February 18th, 2020 – RAPAPORT
Exhibitors at the IIJS Signature show in Mumbai expressed confidence India’s strong wedding tradition and enduring love of gold would help the nation’s jewelry industry overcome its current challenges.
Economic uncertainty, high gold prices, tight regulation and the outbreak of the coronavirus in China have created difficulties for the Indian jewelry sector, traders told Rapaport News during the fair, which ended Sunday at the Bombay Exhibition Centre. But fundamental features of the country’s consumer market should help limit the impact, dealers said.
“Gold prices have always gone up,” said Mitesh Gajera, a director at Laxmi Dia Jewel, a Mumbai-based manufacturer, retailer and wholesaler of jewelry. “Gold is a form of investment for Indian people. People trust in gold prices.”
The yellow metal has gained around 20% in value over the past year as investors view the commodity as a safe haven during global economic uncertainty. While that has dampened Indians’ ability to buy, many consumers still see it as a strong investment and even as a currency, with the price growth sometimes boosting their willingness to splurge before the rate increases further.
“In the middle of the night, if you want money, you can immediately get cash [in exchange for gold],” explained Anand Shah, a jewelry designer and owner of Anand Shah Jewels.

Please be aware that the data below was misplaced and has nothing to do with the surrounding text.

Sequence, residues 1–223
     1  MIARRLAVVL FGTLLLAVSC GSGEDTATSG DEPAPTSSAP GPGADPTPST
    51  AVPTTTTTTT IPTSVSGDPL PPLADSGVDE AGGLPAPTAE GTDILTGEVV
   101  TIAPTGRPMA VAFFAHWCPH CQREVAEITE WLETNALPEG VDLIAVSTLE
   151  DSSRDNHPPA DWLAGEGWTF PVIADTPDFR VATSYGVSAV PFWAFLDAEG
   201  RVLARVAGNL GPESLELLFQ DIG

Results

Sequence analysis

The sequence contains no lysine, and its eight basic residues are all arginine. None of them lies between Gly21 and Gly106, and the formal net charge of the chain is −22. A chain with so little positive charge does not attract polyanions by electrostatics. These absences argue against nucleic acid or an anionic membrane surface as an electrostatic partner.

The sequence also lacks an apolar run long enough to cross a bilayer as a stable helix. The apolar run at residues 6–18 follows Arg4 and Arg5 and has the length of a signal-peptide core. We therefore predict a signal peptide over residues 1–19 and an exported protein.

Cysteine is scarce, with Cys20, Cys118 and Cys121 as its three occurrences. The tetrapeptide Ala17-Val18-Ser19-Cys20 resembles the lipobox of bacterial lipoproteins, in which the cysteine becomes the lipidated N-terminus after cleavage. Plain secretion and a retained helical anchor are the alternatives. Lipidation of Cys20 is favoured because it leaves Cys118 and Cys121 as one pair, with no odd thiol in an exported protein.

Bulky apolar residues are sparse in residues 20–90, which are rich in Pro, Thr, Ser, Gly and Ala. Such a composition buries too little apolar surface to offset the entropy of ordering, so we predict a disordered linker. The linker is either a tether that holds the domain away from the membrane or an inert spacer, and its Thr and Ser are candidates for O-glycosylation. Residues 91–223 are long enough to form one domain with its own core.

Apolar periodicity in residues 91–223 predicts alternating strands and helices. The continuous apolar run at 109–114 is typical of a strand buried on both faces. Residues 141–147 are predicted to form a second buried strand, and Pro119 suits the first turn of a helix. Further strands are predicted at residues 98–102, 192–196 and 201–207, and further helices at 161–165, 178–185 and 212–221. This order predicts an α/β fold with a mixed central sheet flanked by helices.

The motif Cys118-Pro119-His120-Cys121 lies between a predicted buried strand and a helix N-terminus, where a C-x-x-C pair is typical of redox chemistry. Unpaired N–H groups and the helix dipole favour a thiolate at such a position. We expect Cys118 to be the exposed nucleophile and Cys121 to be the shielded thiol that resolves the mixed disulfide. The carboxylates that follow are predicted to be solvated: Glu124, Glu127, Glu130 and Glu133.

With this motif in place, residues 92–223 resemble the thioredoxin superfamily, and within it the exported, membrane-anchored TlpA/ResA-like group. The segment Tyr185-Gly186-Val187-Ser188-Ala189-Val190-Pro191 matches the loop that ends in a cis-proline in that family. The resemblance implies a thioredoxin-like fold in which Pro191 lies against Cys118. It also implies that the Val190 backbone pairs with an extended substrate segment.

Lower price points
However, a shift by consumers toward pieces with less gold content and thinner profit margins for jewelers have offset the rise in gold demand over the past year, exhibitors said. India’s 12.5% import duty on the precious material has intensified the problem, Shah added. The government’s decision to maintain that rate — as well as a 7.5% levy on polished diamonds — in its annual budget earlier this month disappointed the trade, which had been campaigning for a reduction.
The state of the important bridal market also presents a complex mix of positive and negative trends. Suppliers at IIJS Signature reported a strong wedding period so far, with the season running from November until May, providing selling opportunities at the show.
But while Indian nuptials continue to feature bold displays of expensive jewelry, making it a constant source of demand, wedding budgets have decreased due to the sluggish economy. Diamond consumption has suffered as Indians opt for smaller jewelry, with the average Indian bride now wearing around 15 carats in total weight on her big day, compared with 30 carats two years ago, estimated Hardik Shah, the executive director of BR Designs, a Surat-based jewelry manufacturer and retailer.
Less diamond content
“People who would have bought a 10-carat [total weight] necklace [seven or eight months ago] will now buy 5 carats,” added Rhishabh Solanki, a director at jewelry manufacturer Shashat Impex.
Indians’ sacrifice of diamond quantity has been especially evident in the important southern Indian market — cities such as Chennai, Bangalore and Hyderabad — where the relatively educated population is known for being quality-conscious.